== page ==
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Covered California should Expand Strategies to Enroll Californians in Health Insurance when they Undergo Life and Work Transitions

Isabella Camacho-Craft

Initial efforts to enroll Californians in health insurance under the Affordable Care Act (ACA) have been successful. Approximately 1.4 million Californians are now enrolled through the state’s healthcare exchange, Covered California, and several million Californians have newly enrolled in Medi-Cal.

Despite strong sign-ups, approximately 3 million Californians are expected to be uninsured in 2019. Many of them will become uninsured when they lose coverage during work or life transitions. Past research found that losing health coverage is more likely to occur during periods of transitions, like losing a job, changing employers, divorcing, or moving. Regardless of whether one’s loss of coverage is temporary or more permanent, coverage loss can lead to negative health outcomes and put families at significant financial risk.

As the rate of enrollment of the long-term uninsured flattens out, Covered California outreach and enrollment strategies should shift from an emphasis on annual Open Enrollment periods towards Special Enrollment Periods (SEPs). Under the ACA, SEPs allow people to enroll in health coverage through an Exchange when they experience qualifying life events such as losing employer-sponsored coverage or other insurance, getting married, having a child, moving into or within the state, or gaining citizenship or lawful presence. To enroll through an SEP, applicants must generally report changes and select health plans within 60 days of the qualifying life event. Due to this, timely outreach and targeted enrollment efforts are essential to informing individuals of their coverage options and helping them successfully enroll.

A new Labor Center policy brief identifies six groups of individuals undergoing significant transitions in their work or home lives, and provides recommendations on targeting these groups for special outreach in order to maximize their likelihood of enrolling in Covered California during their SEP. Members of these groups already have high rates of uninsurance or higher chances of losing coverage due to the transitions they are experiencing, and they are also likely to be eligible for Covered California subsidies.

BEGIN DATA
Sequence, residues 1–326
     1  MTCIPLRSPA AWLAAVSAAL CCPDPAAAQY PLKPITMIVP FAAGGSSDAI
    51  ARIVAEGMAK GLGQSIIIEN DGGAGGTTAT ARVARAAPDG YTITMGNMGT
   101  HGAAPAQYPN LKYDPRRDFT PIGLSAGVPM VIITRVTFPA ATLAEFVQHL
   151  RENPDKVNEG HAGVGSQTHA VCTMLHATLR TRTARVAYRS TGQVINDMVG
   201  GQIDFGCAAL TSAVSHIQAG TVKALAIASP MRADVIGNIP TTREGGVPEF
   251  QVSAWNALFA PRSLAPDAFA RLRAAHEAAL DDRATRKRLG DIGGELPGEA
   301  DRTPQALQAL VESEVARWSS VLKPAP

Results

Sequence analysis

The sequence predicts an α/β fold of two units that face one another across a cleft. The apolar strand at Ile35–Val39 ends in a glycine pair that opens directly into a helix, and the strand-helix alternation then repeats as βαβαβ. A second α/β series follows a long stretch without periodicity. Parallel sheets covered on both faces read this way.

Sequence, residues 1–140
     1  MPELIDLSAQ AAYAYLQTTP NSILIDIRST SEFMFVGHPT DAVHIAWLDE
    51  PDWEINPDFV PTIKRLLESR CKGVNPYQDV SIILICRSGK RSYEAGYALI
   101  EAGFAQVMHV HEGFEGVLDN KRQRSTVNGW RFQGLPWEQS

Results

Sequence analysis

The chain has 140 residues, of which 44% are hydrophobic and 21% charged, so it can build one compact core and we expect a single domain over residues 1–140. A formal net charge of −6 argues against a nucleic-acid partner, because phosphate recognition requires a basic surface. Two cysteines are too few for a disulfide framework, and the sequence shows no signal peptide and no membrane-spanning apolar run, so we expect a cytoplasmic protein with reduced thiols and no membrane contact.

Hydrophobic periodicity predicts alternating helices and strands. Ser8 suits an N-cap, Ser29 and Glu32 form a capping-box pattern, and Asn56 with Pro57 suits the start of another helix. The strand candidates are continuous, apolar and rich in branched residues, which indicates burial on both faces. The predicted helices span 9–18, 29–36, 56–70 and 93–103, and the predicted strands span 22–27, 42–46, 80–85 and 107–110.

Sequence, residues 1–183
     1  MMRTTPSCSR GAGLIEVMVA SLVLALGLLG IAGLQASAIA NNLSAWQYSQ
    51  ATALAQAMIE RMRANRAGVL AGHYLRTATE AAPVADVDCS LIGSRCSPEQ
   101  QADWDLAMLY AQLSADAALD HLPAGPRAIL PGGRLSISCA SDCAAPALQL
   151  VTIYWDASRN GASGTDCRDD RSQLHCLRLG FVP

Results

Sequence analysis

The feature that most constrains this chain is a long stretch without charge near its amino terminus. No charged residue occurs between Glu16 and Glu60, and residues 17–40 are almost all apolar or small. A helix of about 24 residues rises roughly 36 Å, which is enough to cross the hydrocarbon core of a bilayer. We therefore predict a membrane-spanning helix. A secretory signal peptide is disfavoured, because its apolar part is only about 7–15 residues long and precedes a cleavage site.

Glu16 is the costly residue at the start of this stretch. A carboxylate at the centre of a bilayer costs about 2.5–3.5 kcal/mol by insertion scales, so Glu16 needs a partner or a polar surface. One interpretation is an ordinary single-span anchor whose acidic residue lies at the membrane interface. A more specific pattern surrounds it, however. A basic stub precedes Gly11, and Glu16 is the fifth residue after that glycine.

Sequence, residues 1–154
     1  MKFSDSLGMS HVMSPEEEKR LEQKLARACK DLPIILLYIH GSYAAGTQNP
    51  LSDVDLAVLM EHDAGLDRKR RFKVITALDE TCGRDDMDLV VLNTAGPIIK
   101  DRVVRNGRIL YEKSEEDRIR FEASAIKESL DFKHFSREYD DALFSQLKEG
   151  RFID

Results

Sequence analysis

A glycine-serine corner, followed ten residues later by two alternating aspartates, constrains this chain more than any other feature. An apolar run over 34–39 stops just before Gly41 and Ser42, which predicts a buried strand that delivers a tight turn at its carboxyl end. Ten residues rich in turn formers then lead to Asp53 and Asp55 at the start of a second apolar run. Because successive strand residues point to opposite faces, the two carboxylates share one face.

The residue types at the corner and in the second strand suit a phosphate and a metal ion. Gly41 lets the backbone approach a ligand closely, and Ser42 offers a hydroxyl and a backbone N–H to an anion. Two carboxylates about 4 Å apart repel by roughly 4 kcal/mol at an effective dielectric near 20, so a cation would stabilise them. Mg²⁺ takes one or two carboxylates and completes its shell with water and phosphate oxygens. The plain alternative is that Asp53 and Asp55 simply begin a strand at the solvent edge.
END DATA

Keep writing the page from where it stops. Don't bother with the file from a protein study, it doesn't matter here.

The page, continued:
Target groups include:

  1. Unemployed individuals with Unemployment Insurance benefits
  2. Job switchers
  3. Workers in certain occupations that are licensed/certified by the State
  4. New Legal Permanent Residents (LPRs)
  5. Movers
  6. Entering and graduating college students

Individuals in these groups encounter a number of public and private institutional connection points; these points of contact can play an essential role in providing information on health care options. For example, the diagrams below illustrate the various institutional touch points that might be accessed by individuals who qualify for unemployment insurance and individuals moving within or into the state.



While California has successfully reduced the ranks of the uninsured, the number of people who signed up for coverage during SEPs in 2014 was lower than projected. Maximizing enrollment in Covered California by minimizing gaps in coverage for those who undergo life transitions should be Covered California’s new focus. To increase the number of SEP enrollees, Covered California will need to target its outreach and enrollment strategies in a way that is unique to the groups of people undergoing various life transitions. Knowing that these groups initially seek, access, and rely on institutional connection points, Covered California should leverage and build upon its existing public partnerships, as well as create mechanisms that support hands-on assistance which is more likely to lead to enrollment.


Mary June Flores is a graduate student researcher at the UC Berkeley Center for Labor Research and Education and a concurrent Master of Public Policy and Master of Public Health student at the Goldman School of Public Policy and School of Public Health at UC Berkeley.